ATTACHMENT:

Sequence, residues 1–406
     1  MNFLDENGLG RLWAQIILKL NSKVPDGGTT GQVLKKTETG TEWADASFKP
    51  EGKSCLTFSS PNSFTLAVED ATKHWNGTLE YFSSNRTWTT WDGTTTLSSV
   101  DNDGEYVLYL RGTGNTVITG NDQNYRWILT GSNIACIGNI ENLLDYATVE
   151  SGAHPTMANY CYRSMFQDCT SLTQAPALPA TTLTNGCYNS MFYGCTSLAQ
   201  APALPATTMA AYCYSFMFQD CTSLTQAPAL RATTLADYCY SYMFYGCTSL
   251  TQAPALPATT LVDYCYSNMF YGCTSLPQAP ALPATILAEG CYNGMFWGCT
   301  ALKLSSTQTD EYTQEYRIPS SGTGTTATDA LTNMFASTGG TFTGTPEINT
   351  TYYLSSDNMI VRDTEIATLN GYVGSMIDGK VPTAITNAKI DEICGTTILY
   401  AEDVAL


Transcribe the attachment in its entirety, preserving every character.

Sequence, residues 1–406
     1  MNFLDENGLG RLWAQIILKL NSKVPDGGTT GQVLKKTETG TEWADASFKP
    51  EGKSCLTFSS PNSFTLAVED ATKHWNGTLE YFSSNRTWTT WDGTTTLSSV
   101  DNDGEYVLYL RGTGNTVITG NDQNYRWILT GSNIACIGNI ENLLDYATVE
   151  SGAHPTMANY CYRSMFQDCT SLTQAPALPA TTLTNGCYNS MFYGCTSLAQ
   201  APALPATTMA AYCYSFMFQD CTSLTQAPAL RATTLADYCY SYMFYGCTSL
   251  TQAPALPATT LVDYCYSNMF YGCTSLPQAP ALPATILAEG CYNGMFWGCT
   301  ALKLSSTQTD EYTQEYRIPS SGTGTTATDA LTNMFASTGG TFTGTPEINT
   351  TYYLSSDNMI VRDTEIATLN GYVGSMIDGK VPTAITNAKI DEICGTTILY
   401  AEDVAL